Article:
Legal actions, in contrast to legal events, represent the volitional behaviour of participants. According to S. S. Alekseev, a legal action is volitional behavior, the external expression of will and consciousness of citizens and public organizations [6, 168]. Generally agreeing with this definition, we consider it necessary to point out that the action as a form of legal fact is not always active in nature, as inaction of participants of tax-legal disputes can also have significant legal consequences. In particular, taxpayer's failure to meet their tax obligations may give rise to a tax dispute as such, and not appealing the decision of tax authority for crediting additional amount of tax or charging fines may significantly affect the dispute development process. Similarly, a plaintiff’s repeated no-show without reasonable excuse shall be a reason for leaving the claim without consideration . It would be reasonable, by analogy with criminal law, that this kind of legal fact is referred by the term "act", which includes both action and inaction. We do not propose to change the established categories of the theory of law, but in our opinion, it is necessary to emphasize that the concept of "action" as a kind of legal fact in tax-legal dispute should encompass not only active behavior, but also inactivity of participants.
In the theory of law, legitimate procedural actions (legal concessions and legal acts) and illegitimate actions (tax violations) are distinguished among legal actions on the grounds of alignment with the tax legal regulations requirements [6, 168-171]. In this respect, it is necessary to make a comment. Based on the general theoretical understanding of legal action, listing legal acts among procedural actions seems justified. However, taking into account the specifics of consideration of public legal disputes in general, and tax-legal disputes in particular, to identify procedural actions and legal acts is inappropriate to our mind. For example, the Code of Administrative Prosedure clearly distinguishes between these categories by using the construction "decisions, actions or inaction of state authorities" to refer to objects of appeal in administrative cases .
A tax dispute may be initiated by both, a taxpayer and tax authority. However, one should bear in mind that tax litigation initiated by a taxpayer can be done in two ways, either through an administrative appeal or in court. While tax litigation initiated by tax authority can be resolved only in court. It is difficult to agree with such position. According to some scholars, actions or inaction of a taxpayer can not be the grounds for a tax dispute initiation [7, 22-24; 8, 13-16]. This conclusion is based on the fact that the offense committed by a taxpayer shall not constitute the grounds for a dispute. In particular, the authors believe that the decision to bring a taxpayer to responsibility shall not be the grounds for a dispute. It is difficult to agree with such conclusion as it is unlawful actions (inaction) of a taxpayer that constitutes the legal fact which gives rise to differences in interests and is the basis for the subsequent actions of the parties (in terms of tax-legal dispute), including relevant decisions by tax authorities. However, in case of an unlawful decision by a tax authority, this very decision shall give rise to a tax dispute. At the same time it should be borne in mind that these disputes will have different subjects. For the former case it will be crediting additional amount of tax and application of relevant sanctions on a taxpayer, while in the second case it will be an appeal of illegal decision of tax authority.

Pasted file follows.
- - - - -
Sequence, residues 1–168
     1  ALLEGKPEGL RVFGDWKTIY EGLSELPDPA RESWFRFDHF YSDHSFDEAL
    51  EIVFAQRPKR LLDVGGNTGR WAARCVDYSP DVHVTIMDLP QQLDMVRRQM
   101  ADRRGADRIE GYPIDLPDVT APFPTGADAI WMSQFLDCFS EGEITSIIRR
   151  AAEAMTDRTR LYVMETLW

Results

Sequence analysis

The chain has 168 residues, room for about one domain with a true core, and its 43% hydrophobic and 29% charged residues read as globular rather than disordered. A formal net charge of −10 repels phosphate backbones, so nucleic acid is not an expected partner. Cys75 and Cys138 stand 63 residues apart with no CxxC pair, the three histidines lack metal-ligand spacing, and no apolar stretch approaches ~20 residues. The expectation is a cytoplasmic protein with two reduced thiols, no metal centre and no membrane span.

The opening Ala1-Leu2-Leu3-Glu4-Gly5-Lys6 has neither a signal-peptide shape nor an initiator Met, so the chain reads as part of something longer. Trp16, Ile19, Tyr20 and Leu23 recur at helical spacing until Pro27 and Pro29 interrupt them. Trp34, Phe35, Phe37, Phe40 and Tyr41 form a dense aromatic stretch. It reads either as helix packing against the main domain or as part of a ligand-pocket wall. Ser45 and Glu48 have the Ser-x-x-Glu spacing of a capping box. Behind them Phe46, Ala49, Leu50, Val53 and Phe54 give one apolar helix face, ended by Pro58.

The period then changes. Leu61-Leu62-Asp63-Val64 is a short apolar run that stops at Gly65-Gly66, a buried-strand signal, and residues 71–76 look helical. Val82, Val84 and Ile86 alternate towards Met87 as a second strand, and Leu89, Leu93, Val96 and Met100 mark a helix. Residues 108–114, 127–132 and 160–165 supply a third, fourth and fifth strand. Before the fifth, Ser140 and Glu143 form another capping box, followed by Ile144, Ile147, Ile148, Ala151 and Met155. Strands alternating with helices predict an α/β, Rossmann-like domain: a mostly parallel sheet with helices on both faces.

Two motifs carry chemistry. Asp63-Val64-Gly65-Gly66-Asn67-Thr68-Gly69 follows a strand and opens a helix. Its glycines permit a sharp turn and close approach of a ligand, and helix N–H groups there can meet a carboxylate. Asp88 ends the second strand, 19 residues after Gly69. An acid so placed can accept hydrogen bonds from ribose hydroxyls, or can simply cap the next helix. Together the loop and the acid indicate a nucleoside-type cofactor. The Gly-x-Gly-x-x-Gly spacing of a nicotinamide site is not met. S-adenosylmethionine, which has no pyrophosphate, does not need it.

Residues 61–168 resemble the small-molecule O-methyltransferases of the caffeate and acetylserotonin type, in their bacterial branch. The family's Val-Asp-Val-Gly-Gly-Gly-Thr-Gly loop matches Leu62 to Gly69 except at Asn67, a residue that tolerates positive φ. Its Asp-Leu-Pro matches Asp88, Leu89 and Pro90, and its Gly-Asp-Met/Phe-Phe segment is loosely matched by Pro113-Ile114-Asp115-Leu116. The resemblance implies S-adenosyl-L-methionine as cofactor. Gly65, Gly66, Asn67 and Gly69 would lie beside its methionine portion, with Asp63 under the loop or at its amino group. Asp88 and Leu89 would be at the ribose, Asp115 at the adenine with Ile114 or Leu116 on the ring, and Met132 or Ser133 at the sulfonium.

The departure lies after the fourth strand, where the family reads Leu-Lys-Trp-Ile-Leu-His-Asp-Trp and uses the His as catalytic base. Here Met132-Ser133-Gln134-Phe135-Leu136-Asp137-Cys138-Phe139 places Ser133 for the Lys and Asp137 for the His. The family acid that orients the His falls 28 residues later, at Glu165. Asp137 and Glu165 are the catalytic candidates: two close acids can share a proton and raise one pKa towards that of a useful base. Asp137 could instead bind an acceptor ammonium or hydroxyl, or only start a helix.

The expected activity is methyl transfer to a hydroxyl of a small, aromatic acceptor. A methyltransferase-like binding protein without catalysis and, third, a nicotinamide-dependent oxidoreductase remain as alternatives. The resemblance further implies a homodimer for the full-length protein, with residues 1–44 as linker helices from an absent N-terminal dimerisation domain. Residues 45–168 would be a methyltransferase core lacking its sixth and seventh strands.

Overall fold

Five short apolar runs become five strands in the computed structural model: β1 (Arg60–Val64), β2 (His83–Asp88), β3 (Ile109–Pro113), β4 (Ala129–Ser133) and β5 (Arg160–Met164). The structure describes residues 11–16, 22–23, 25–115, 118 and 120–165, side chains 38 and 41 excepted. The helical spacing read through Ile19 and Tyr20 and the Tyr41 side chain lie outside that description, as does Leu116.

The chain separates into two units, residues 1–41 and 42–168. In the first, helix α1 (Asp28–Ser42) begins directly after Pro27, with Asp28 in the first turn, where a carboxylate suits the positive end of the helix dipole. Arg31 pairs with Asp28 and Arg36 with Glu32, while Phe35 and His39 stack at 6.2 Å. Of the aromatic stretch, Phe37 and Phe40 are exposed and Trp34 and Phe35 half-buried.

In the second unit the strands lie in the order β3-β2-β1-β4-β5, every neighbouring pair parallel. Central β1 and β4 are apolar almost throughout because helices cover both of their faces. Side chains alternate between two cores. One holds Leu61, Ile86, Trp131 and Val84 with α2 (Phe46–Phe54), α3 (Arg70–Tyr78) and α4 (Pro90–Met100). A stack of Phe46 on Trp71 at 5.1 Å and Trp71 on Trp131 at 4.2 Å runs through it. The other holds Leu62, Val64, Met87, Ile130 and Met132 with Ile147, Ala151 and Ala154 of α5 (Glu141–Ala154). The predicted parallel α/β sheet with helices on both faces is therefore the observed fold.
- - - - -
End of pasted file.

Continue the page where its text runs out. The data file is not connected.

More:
Thus, decisions of tax authorities should also be regarded as legal facts that constitute an element of tax disputes settlement mechanism. The construction “acts of tax authorities” is quite common in literature. It refers to the documents concerning tax relations participants that are not normative and shall be approved by the signature of the head of tax authority or their deputy. Non-normative legal acts of tax authorities have the following specific features: a) the content of the documents refers to definite conclusions regarding rights or duties of tax relations participants (taxpayer, tax agent, etc.), b) it is formalized on the basis of corresponding order (e.g., includes a mandatory regulatory part) c) it is issued by the initiative of tax authority and formalized by the same tax authority, correspondingly, i.e. signed by the head or their deputy [9, 571]. The practice of tax disputes settlement in the Russian Federation allows to single out some approaches to generalize the meaning of the term “non-normative acts”. According to the Resolution of the Plenum of the Supreme Arbitration Court of the Russian Federation № 5 from February 28, 2001, such act shall mean an act that can be challenged in arbitration court by presenting the requirements for declaring it invalid, the document of any name (requirement, decision, resolution, etc.), signed by the head (or their deputy) of tax authority concerning an individual taxpayer .
The construction “decisions, actions or inaction of state authorities” is used instead in the Code of Administrative Proceedings of Ukraine . We consider that in the context of procedural law it is more appropriate to use the term “decisions”. Moreover, in order to fall within the definition of legal facts that affect the dynamics of tax-legal disputes, such decisions must create certain legal consequences for a taxpayer that violate their legitimate rights and interests (in case of an unlawful decision by a tax authority) or restore the violated interests of the state.
Inaction of tax authorities (such as a fail to send a copy of the tax audit certificate to a taxpayer, a pending application for amendments to tax returns, etc.) can also be regarded as a legal fact that affects the tax disputes settlement mechanism. Since the tax authority, as well as any other state authority, shall act only on the basis, within the limits of powers and in the manner prescribed by the law, the list of its duties is strictly regulated by law. Therefore, their failure to perform such duties that resulted in violation of rights or interests of a taxpayer may be grounds for declaring such inactivity of the tax authority as unlawful.